Liatris spicata – Dense Blazingstar
Easily grown in average, medium, well-drained soils in full sun. Somewhat tolerant of poor soils, but prefers moist, fertile ones and generally performs better in moist soils than most other species of Liatris. Intolerant of wet soils in winter. Tolerant of summer heat and humidity. May be grown from seed, but is slow to establish.
Blazing star (also commonly called dense blazing star or marsh blazing star) is a tall, upright, clump-forming perennial which is native to moist low grounds, meadows and marsh margins. In Missouri, it has only been found in Oregon County on the Arkansas border (Steyermark). It typically grows 2-4′ tall in cultivation, but can reach a height of 6′ in some parts of its native habitat. Features terminal spikes (6-12″ long) of sessile, rounded, fluffy, deep purple flower heads (each to 3/4″ across) appearing atop rigid, erect, leafy flower stalks. One or more stalks arise from a basal tuft of narrow, grass-like, medium green leaves (to 12″ long). Stem leaves gradually decrease in size toward the top. Blooms in summer. Liatris belongs to the aster family, with each flower head having only fluffy disk flowers (resembling “blazing stars”) and no ray flowers. The feathery flower heads of liatris give rise to another common name of gayfeather. See also L. spicata‘Kobold’ which is a popular compact cultivar that is less likely to need staking than the species.
Available May – Mid May 2017
Mimulus ringens – Monkeyflower
This perennial plant is 1-3′ tall, branching occasionally to frequently. The light green stems are glabrous and bluntly 4-angled, but they are not conspicuously winged. The opposite leaves are up to 4″ long and 1″ across; they are light to medium green, lanceolate or elliptic-oblanceolate in shape, glabrous, and serrated to sparingly serrated along their margins. The leaves are sessile or they clasp the stems; petioles are absent. Leaf bases are round to slightly cordate, while their tips are slender and pointed. Individual flowers develop from the leaf axils of the middle to upper stems. These flowers are about 1″ long, and they have two-lipped corollas that are usually pale blue-violet (less often pink or white).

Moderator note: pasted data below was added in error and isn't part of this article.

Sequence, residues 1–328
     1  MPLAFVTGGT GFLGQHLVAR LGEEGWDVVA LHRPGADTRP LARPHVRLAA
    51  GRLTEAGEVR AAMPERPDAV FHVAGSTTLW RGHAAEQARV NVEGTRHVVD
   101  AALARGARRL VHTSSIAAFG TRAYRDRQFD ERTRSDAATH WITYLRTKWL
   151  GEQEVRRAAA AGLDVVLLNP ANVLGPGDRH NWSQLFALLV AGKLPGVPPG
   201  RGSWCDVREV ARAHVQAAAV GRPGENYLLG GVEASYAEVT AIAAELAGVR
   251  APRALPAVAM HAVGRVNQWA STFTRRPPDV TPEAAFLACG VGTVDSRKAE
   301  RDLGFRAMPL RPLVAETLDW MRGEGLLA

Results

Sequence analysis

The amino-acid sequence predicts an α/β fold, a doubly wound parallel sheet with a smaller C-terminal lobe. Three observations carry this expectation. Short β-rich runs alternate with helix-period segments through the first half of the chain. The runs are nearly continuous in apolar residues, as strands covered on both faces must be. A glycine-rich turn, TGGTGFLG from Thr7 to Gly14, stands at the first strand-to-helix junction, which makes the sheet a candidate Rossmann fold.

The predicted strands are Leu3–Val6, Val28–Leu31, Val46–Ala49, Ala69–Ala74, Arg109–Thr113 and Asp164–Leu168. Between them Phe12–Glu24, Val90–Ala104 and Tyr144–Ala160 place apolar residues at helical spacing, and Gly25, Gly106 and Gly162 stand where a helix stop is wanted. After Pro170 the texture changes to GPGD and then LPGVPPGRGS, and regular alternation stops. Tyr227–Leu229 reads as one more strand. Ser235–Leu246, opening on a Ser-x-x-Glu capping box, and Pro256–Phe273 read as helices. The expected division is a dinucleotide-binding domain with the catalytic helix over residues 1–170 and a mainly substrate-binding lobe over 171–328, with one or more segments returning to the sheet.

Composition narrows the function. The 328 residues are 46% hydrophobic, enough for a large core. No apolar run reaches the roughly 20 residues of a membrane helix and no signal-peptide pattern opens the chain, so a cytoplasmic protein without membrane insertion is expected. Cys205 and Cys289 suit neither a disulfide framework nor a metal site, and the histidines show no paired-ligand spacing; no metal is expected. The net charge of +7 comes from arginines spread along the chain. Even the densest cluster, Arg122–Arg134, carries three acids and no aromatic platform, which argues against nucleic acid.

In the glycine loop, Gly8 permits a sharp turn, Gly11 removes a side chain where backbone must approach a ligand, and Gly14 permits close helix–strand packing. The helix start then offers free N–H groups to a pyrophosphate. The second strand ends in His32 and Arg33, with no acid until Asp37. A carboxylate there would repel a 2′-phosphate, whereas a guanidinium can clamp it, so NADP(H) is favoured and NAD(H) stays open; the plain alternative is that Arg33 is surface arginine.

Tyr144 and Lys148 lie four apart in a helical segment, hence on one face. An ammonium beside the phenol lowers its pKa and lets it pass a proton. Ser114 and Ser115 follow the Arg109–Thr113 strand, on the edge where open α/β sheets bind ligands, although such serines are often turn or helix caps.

Available May – Mid May 2015
Ruellia humilis – Wild Petunia
Host plant – Common Buckeye Butterfly
Wild petunia occurs in dryish soils in open woods, glades, prairies and fields throughout the State except for the far southeastern lowlands. Typically grows to 2′ tall. Features tubular, bell-shaped, petunia-like flowers (to 3″ long), each with five shallow rounded lobes. May to October bloom period. Lavender to lilac flowers appear singly or in clusters in the upper leaf axils. Oblong to lanceolate, olive green leaves to 4″ long. Leaves and stems are hairy. This plant in on threatened list in the state of Michigan.
Available for shipping mid May
Senna hebecarpa – Wild Senna
Host Plant – Sulphur, Clouded Sulphur, Orange Sulphur
Wild Senna is a versatile plant that we think deserves more recognition as a great choice for garden or restoration projects. Its lovely, bright yellow flowers bloom July-August, attracting many bees and butterflies. Autumn brings beautiful leaf colors and the formation of long black pods with seeds favored by larger birds like wild turkeys. A horizontal root system provides strength against winds, allowing the plant’s stately (4-6′) beauty to be appreciated even after the storm. Some gardeners use this sun-loving plant to form a hedge.
It is virtually indistinguishable from its relative, Maryland Senna (Senna marilandica) until the two species have ripe seeds. The Wild Senna will readily open its pod and the seeds will fall out, whereas the Maryland Senna seed pods will stay tightly closed. Other than this, it is very hard to tell the two species apart.
Solidago sphacelata – ‘Golden Fleece’ Dwarf Goldenrod
Another fantastic Mt. Cuba introduction. A stunning show of sprays of golden yellow flowers from mid-August through September. Semievergreen heart-shaped leaves. Truly an excellent groundcover and bee and butterfly charmer! Hairstreaks, sulphurs and skippers are particularly attracted to goldenrod. Monarchs visit it during their autumn migration.
Goldenrod Interesting Notes
Golden Fleece autumn goldenrod was discovered in 1985 as a spontaneous garden seedling in Eden, North Carolina. It was evaluated under diverse conditions at Mt. Cuba Center and determined to be a low-growing, compact form of the species suitable for use as an herbaceous perennial groundcover only reaching 18” tall. Multi-branched stems arise from basal rosettes of broadly rounded foliage and are covered with a profusion of golden-yellow floral spires from mid-September to October. It performs best in full sun with average moisture but is tolerant of a range of conditions from sunny and dry to partial shade. 'Golden Fleece' is hardy in zones 3-8. It won the Internationale Stauden-Union’s Award for an outstanding new plant in Switzerland in 1994. – Mt. Cuba Center